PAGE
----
Recently I was visiting a friend, who has a greenhouse, as she showed me her flowers, we came to the most beautiful one of all, a golden chrysanthemum, bursting with blooms. But to my great surprise, it was growing in an old dented, rusty bucket. I thought to myself, "If this were my plant, I'd put it in the loveliest container I had!"

My friend changed my mind. "I ran short of pots," she explained, and knowing how beautiful this one would be, I thought it wouldn't mind starting out in this old pail. It's just for a little while, till I can put it out in the garden."

She must have wondered why I laughed so delightedly, but I was imagining just such a scene in heaven. "Here's an especially beautiful one," God might have said when he came to the soul of the sweet old fisherman. "He won't mind starting in this small body."

All this happened long ago - and now, in God's garden, how tall this lovely soul must stand.

-Author Unknown-

Friday, June 5, 2009


The twenty year old soldier, recently reduced in rank from buck sergeant to buck private, stood outside base headquarters and read his orders again. "Report to Captain McDanial at..."

No doubt this Captain McDanial would know of the private’s recent release from the base stockade at Fukuoka after serving five months of a six months sentence for stealing $420.00 of military script money and a .45 caliber pistol from the 2nd Airdrome Squadron’s post office.

Might as well get ready for a nasty chewing out, he mumbled to himself as he hoisted his duffle bag to his shoulder and climbed the steps to the entryway. After stepping inside and setting his belongings down in an out of the way spot, he surveyed the orderly room. The first sergeant was sitting at a desk near the wooden railing and three other clerical types were beyond him, two seated at desks, and one at a filing cabinet.

The private nervously handed over his orders to the first sergeant and said, "I am to report to Captain McDanial."

"Oh, you’re private _____. The captain said he wants to see you the moment you got here. He has a special assignment for you. Door on your left at the end of the room. Knock three times and wait until he says, 'come in,' before you enter, then march up to his desk, come to attention and salute."

Yikes, the private said to himself, as he headed toward the Captain's door. A special assignment? Looks like I’m in for it now!

The 'come in,' command was sharp and authoritative. The private braced himself for the ordeal and taking a deep breath opened the door and strode to within three paces of the captain’s desk where he saluted and said, "Private _______ reporting as ordered sir."

"Stand at ease, private. I’ve read the transcript of your courts martial. That, and a copy of your conduct while in the stockade were forwarded to me by your commanding officer. I note that you achieved trustee status after two months, and that your conduct was that of a model soldier in confinement. Because of this, I’ve decided to give you a special assignment. Perhaps the first sergeant mentioned this to you?"

"Yes sir. He did."

"Good," he said, as he got to his feet while opening and reaching inside the top drawer of his desk.

"Here," the Captain said, as he stretched out his hand toward the private. "Here is $420.00 in military script. Go to the base post office and buy a money order with it. On your way, get your barracks assignment from the first sergeant, then report to me tomorrow morning at 0800 hours with the money order. Any questions?"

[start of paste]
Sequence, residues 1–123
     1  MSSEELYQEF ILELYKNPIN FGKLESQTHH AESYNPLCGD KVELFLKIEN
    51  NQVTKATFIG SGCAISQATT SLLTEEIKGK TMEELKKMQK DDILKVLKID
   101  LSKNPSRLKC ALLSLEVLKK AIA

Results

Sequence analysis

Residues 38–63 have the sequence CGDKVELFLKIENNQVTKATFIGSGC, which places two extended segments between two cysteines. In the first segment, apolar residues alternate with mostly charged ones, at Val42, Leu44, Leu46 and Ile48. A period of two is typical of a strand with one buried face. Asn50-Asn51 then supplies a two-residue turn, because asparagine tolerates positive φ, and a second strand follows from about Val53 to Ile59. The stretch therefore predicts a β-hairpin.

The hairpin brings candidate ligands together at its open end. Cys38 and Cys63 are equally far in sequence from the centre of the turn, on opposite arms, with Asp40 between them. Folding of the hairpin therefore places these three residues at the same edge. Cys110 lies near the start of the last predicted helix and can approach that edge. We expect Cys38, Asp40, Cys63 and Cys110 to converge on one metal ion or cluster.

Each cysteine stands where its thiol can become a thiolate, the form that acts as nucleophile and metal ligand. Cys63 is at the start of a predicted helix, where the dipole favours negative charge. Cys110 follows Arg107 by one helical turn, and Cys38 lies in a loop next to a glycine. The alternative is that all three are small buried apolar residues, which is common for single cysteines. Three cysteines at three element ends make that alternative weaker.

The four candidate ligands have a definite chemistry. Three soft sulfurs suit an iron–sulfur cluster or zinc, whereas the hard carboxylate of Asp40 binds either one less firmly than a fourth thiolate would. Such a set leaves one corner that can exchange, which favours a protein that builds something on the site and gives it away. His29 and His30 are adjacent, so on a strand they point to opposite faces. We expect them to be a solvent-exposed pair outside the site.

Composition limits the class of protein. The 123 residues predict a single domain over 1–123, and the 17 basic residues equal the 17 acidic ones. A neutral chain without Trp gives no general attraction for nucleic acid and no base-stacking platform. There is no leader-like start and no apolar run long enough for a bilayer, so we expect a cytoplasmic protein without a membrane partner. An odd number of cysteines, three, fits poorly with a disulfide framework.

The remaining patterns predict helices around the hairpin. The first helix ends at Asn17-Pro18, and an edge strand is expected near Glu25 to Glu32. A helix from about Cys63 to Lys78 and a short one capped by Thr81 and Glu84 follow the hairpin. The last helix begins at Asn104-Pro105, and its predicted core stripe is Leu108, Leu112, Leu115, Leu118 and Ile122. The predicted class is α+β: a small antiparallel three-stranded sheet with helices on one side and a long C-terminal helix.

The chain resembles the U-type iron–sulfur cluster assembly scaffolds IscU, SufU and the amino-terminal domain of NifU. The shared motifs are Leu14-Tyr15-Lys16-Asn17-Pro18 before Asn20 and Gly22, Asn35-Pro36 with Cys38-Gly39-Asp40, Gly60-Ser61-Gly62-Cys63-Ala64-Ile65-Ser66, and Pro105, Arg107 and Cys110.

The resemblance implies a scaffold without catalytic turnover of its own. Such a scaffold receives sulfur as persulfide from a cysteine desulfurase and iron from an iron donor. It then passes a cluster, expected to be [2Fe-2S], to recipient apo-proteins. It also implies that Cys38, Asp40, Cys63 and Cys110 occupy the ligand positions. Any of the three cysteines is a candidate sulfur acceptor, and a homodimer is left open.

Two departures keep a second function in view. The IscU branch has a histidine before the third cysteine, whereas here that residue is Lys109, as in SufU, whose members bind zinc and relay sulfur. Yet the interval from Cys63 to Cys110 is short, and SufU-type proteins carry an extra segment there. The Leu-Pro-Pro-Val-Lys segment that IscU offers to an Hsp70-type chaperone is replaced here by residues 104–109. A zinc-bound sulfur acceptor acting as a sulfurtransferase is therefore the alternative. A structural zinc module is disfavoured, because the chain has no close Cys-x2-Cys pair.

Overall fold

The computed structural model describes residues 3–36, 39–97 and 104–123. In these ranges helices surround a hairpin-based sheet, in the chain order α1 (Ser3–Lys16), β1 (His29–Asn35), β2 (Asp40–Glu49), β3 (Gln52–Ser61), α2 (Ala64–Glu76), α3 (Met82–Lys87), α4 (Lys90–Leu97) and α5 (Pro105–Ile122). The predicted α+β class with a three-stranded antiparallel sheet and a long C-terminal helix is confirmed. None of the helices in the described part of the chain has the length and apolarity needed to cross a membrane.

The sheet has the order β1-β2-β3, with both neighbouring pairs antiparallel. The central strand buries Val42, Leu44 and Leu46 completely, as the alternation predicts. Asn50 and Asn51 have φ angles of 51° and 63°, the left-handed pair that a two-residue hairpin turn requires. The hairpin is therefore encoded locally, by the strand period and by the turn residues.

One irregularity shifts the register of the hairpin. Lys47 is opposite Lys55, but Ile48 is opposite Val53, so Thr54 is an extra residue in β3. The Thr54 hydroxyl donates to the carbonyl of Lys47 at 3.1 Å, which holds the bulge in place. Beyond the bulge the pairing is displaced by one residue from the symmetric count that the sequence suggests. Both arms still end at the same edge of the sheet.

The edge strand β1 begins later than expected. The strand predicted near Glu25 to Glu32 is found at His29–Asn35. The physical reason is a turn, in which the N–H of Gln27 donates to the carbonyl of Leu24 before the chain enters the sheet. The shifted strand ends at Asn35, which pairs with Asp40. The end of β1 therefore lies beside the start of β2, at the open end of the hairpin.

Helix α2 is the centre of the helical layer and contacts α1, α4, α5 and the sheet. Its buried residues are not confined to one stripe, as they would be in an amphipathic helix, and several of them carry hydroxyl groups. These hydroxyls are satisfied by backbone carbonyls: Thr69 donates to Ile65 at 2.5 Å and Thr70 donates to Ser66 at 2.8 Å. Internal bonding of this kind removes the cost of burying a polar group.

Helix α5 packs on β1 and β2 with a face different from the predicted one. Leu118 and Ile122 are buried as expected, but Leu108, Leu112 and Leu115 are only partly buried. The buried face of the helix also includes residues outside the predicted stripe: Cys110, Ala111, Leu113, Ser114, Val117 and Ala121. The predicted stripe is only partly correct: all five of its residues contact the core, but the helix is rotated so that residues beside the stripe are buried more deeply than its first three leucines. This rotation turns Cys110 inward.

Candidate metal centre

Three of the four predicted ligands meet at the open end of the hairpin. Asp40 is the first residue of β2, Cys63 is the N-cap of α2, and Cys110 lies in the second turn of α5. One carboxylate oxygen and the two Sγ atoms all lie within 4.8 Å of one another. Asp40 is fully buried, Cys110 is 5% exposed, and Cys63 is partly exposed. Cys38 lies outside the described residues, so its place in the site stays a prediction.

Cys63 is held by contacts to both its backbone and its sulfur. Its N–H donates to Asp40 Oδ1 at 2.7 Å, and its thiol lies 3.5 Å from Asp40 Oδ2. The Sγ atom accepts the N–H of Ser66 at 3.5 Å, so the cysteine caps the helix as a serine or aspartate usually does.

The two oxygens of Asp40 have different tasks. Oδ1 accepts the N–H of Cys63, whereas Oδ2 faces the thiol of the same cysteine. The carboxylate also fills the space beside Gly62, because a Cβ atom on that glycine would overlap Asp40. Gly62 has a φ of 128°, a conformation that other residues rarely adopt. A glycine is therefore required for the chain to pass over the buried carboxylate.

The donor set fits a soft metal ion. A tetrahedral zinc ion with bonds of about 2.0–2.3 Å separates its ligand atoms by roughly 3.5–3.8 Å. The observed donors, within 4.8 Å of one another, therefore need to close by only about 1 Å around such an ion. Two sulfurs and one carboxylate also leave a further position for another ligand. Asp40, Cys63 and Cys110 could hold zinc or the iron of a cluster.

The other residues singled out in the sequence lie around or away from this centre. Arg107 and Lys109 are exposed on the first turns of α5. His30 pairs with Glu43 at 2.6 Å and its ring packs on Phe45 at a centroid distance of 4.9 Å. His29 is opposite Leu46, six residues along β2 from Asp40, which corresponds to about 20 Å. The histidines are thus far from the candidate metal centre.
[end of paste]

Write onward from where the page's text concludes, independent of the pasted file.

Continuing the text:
The private was too astounded to formulate a question! Here was this captain, who only knew of him what he had read in the courts martial transcript, entrusting him with $420.00 in military script money - the exact amount he and his partner in crime had stolen. By giving him until tomorrow morning to complete the special assignment, the captain had created the opportunity for the private to get a great head start if he decided to go AWOL with it. Why was the captain doing this?

"No questions, sir."

"Good. Dismissed."

The private came to attention, saluted, did an about-face and strode briskly to the door. He turned the knob, pulled the door towards him and while momentarily facing the captain said, "Sir?"

The captain looked up.

"Thank-you, sir," the private sang in a joyous voice!

The captain waved him out.

The private almost skipped down the street towards the base post office he was so thrilled at the trust this Captain McDanial had placed in him. How could the private do anything else when the captain had so clearly demonstrated his faith in him?

Captain McDanial's 'special assignment' was much more than a routine chore. It was an opportunity for the private to restore his dignity.

Postscript: Later in that month of April 1948, Captain McDanial arranged a thirty day emergency leave for the private when the private received news that his older sister had been involved in an automobile accident and was not expected to live.

It has been said that people come into our lives for a reason, a season, or a lifetime. Captain McDanial (his real name) was one of those persons that come into our lives for a reason. The private has never seen, or heard, from the captain again; but he has never forgotten him and what he did for the private with his 'Special Assignment.'

-author unknown-

Taken from THIS LINK.

Thursday, June 4, 2009